An Agent’s Curmudgeonly Rant

Sometimes I just have to rant. You understand, don’t you?

Maybe it comes with age, and you’re not yet old enough to understand. Or grumpy enough. Or OCD enough.

Nevertheless, I hope you’ll allow me to vent for today’s post. And I should say that I’m not asking you to agree with me, though my regard will certainly increase if you do. It’s just that there are some things that get on my nerves as I read things—not only proposals submitted to me, but all kinds of stuff. Here’s a short list:

1. “One of the only.” I know that it’s accepted usage to say something such as, “he’s one of the only people who still do that.” But every single time I see or hear it, I cringe, and wish the writer or speaker had used “one of the few” instead. I may be the only one, but “only” to me connotes “singular,” rather than “a small number.” Or maybe I’m one of the few.  

2. The Oxford comma. Yes, I’m one of the few who recognizes the clarifying power of the Oxford comma. But you know who agrees with me? My siblings, William Zinsser and God.

3. Psalm/Psalms. It’s not incorrect to reference a Bible quote as coming from “Psalms 23:1.” It is “The Book of Psalms,” after all. But it’s always a “bump” for me. I always use “Psalm 23:1.” Because I’m referencing one among many psalms. I know, it’s a trivial matter; but it does get “all my bones … out of joint” (Psalm 22:14 NIV).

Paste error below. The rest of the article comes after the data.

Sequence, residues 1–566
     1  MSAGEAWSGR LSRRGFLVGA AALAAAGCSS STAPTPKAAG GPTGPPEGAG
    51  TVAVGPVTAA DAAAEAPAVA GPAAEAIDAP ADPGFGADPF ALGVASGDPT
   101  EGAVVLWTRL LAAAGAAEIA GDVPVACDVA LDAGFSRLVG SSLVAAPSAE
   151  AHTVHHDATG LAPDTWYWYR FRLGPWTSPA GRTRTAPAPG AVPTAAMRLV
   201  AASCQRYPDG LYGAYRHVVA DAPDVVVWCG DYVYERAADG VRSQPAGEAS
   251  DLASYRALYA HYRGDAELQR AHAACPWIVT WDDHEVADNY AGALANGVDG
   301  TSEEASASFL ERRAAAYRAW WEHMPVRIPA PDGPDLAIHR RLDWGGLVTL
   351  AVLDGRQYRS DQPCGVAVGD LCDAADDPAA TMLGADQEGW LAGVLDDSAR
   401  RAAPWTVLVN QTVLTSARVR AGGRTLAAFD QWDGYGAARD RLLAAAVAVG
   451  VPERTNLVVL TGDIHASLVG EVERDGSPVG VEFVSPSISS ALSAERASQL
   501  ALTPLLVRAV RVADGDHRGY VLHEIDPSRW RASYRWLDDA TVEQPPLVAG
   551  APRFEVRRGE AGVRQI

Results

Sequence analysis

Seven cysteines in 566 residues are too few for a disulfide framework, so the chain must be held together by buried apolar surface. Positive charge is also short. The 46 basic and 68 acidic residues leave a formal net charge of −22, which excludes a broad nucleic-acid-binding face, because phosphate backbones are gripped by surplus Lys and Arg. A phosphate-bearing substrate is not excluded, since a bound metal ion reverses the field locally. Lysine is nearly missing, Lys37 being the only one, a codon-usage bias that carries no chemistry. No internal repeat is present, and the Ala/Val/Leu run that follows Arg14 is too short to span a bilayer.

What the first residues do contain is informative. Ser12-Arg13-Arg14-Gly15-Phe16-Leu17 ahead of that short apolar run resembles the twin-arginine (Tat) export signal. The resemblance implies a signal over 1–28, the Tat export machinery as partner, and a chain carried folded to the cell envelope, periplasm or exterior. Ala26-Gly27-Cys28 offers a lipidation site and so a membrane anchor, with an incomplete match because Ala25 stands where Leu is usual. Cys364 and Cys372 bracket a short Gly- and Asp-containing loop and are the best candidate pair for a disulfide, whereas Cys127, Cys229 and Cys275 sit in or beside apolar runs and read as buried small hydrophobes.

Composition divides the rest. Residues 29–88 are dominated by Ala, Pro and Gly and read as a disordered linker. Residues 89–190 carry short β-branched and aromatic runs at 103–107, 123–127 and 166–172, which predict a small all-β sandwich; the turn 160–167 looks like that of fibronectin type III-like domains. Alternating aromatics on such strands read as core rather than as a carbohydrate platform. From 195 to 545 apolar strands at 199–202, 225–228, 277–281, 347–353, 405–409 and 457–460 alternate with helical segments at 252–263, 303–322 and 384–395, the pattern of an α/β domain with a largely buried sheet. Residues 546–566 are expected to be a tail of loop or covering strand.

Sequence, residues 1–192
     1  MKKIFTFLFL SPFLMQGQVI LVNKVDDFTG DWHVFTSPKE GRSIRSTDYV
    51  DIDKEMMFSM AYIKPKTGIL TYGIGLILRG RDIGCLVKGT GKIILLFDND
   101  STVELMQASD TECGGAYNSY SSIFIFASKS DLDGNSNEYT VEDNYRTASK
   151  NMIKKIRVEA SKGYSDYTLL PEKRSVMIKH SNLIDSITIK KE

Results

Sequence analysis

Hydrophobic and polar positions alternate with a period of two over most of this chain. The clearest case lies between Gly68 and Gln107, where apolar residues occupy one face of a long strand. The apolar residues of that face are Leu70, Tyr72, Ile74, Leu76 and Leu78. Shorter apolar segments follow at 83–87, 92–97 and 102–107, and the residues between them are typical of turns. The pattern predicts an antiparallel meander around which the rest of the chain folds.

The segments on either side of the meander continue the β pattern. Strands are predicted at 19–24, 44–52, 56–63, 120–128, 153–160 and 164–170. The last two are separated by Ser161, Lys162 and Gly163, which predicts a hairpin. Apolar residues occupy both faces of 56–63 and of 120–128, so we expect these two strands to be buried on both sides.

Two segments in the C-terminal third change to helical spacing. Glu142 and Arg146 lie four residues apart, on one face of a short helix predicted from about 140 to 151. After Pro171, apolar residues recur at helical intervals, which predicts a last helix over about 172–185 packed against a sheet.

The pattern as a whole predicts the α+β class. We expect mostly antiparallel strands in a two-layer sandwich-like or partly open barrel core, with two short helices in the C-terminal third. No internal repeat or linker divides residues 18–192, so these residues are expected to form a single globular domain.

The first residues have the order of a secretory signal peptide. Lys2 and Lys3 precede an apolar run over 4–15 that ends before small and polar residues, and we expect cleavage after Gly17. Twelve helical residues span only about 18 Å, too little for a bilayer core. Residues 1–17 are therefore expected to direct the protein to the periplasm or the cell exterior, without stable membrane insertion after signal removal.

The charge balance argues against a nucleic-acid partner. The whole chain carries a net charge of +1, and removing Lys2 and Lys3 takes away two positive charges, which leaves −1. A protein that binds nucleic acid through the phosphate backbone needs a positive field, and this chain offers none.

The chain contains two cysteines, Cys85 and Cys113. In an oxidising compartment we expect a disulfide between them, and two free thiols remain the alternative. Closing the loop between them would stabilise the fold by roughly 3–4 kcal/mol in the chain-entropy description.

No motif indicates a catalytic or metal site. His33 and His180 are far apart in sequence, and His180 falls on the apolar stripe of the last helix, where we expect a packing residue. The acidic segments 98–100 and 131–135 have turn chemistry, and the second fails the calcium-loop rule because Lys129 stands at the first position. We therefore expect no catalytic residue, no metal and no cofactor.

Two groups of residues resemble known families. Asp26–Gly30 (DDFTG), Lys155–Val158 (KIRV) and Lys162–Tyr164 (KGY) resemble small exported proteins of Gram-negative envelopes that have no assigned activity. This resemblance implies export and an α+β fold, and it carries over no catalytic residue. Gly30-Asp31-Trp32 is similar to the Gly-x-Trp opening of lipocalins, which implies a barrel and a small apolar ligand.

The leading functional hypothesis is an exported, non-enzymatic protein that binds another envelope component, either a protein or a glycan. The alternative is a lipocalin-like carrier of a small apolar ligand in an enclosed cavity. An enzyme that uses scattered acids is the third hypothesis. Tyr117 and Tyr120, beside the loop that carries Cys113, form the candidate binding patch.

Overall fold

4. “Beg the question.” I see this phrase used incorrectly by otherwise erudite and articulate people. But to beg the question is a phrase from Aristotelian logic that means to assume as true the thing that is being argued. So please, take my word for it, that when you’re tempted to say “begs the question,” you almost certainly mean “prompts the question,” not “begs the question.”

5. The placement of the words only and almost. Where you place the word only (or almost) in a sentence can change the meaning of the sentence. For example, a recent news story reported, “Almost found exclusively in people who were born female, this condition affects about 11 percent of women worldwide.” Unless the condition wasn’t found, which would make no sense, the writer intended us to understand that the condition is “found almost exclusively …” See what I mean? Or to say, “I only want a sandwich” (which is a common construction) technically means I don’t demand a sandwich; I only want it. Usually, however, what the speaker or writer means is, “I want only a sandwich.” Which is also different from “Only I want a sandwich.” Yeah, I know: only a small difference. But I’m allowed to have my quibbles.

6. “I could care less.” I know there are those who insist this phrase means the opposite of what it says, but I couldn’t care less. If you could care less, you care some, right? But most people who say, “I could care less” use it to mean “I couldn’t care less.” Which I admit I care way too much about.

I thought I would feel better after my rant. But doggone it, I fear I’m only one of the only ones who only feels worse after expressing myself. If only.

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